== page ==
Both Doors

16 Then the eleven disciples went to Galilee, to the mountain where Jesus had told them to go. 17 When they saw him, they worshiped him; but some doubted. 18 Then Jesus came to them and said, “All authority in heaven and on earth has been given to me. 19 Therefore go and make disciples of all nations,baptizing them in the name of the Father and of the Son and of the Holy Spirit,20 and teaching them to obey everything I have commanded you. And surely I am with you always, to the very end of the age.” (Matthew 28:16-20 NIV)

I’ve gained a new appreciation for what we call old.  For instance, our home is over 100 years old. I would consider that an old, or at least and older home.  Or at least I did until our recent rip to the UK.  It’s odd to visit homes that were built in the 14th or 15th century. To them, our 100 year old home would be considered a new build.

That may be why those churches that share a Wesleyan heritage can  look at the New Room in Bristol, England and appreciate it with no irony. The New Room is the oldest Methodist chapel in existence, having been built in 1739. It is known as the cradle of the Methodist movement.  I suppose in a country with homes that date back many centuries a chapel built in 1739 might still be considered new.

I toured the New Room a few weeks ago and couldn’t help but be caught up in the importance of that place. John Wesley stood in an preached from the pulpit. It was there that many of Charles Wesley’s hymns were first sung. Would it have been there that O For a Thousand Tongues to Sing” was first lifted up with the gusto it so richly deserves? Perhaps.   John Wesley would often sit in the balcony window and evaluate his young preachers.  No pressure there!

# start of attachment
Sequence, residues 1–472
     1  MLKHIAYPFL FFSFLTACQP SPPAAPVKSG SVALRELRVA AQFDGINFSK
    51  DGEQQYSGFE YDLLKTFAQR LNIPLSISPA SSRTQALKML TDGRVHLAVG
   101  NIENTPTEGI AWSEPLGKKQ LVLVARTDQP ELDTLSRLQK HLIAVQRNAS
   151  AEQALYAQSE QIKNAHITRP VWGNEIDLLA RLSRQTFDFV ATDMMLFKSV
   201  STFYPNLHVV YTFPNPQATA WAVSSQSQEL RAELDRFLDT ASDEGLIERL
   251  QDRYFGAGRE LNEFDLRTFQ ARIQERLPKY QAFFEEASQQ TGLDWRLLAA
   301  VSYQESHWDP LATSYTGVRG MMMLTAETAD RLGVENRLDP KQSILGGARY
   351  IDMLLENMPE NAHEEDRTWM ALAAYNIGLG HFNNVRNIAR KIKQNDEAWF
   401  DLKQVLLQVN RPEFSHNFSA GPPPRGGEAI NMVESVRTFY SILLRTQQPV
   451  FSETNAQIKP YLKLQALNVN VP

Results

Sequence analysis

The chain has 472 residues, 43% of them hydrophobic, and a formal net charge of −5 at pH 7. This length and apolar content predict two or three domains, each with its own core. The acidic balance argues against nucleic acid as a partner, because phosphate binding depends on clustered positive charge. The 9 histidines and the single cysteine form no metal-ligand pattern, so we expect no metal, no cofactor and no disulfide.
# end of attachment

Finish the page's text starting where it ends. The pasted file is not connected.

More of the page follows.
But what impressed me the most about the New Room were the two statues of the Wesley brothers. As you find the New Room, and you have to look for it, it’s a bit down an alley, you are greeted in the front courtyard by a statue of Charles Wesley looking as if he is about to burst into song himself.

If you continue through the chapel and go out the back into the back courtyard, you’ll find a statue of John Wesley saddled up on his hose ready to take the gospel  into the world.

In my mind, these two statues bracketing the first Methodist chapel, describe in a very poignant way what it’s supposed to mean to be a United Methodist, and sadly what at times we seem to have forgotten as a denomination.

Charles reminds us of our need for vital, life transforming worship.   Early Methodists, much to John Wesley’s chagrin, were known as enthusiasts. They were enthusiastic about worship. They sang at the top of their voices, they shouted God’s praise. They lifted the name of Jesus up and they rejoiced. And God began to breathe life back into these souls as they sought to live out a Biblical orthodox faith.

But a Methodist wasn’t content to merely sit and worship. At some point they had to go out the “back door” as go forth to share the Gospel as John Wesley did,loudly proclaiming “The World is my Parish”.  Evangelism, witnessing was as much a part of the vitality of their faith as was enthusiastic worship.

The statues remind us there is a rhythm to our Wesleyan faith. Its about coming and going. Worship and evangelism, a life changed offering new life to others. The Wesley’s understood there was a symbiotic relationship between the two. The more powerful one’s worship the more the Holy Spirit compels us to witness. The more we share of Jesus, the greater our times of worship.

How sad it is that many within our denomination content themselves with entering the front door and never leave. We act as is worship is all we need to do to have a vital faith. We find ourselves more than willing to argue over worship styles, types of music or worship times.  Yet we remain strangely silent over any insistence that we share Jesus with the lost.

We wonder why there seems to be something missing in worship despite our best efforts to stay on the cutting edge of the newest worship trends. Perhaps true vitality and, dare I say it, enthusiasm in worship isn’t about the newest song from Hillsong, high quality cameras,  moving Latin requiems, incense of bells. Perhaps what brings vitality to  our worship are hearts who share the Gospel and truly believe Jesus has come to save anyone who calls on His name.

Using the front door is great. I love to worship. But let us never forget to truly be United Methodists, we have to use both doors. We are called to come. We are also called to go.

In Christ,

Rev. Dr. Brian Jones <><

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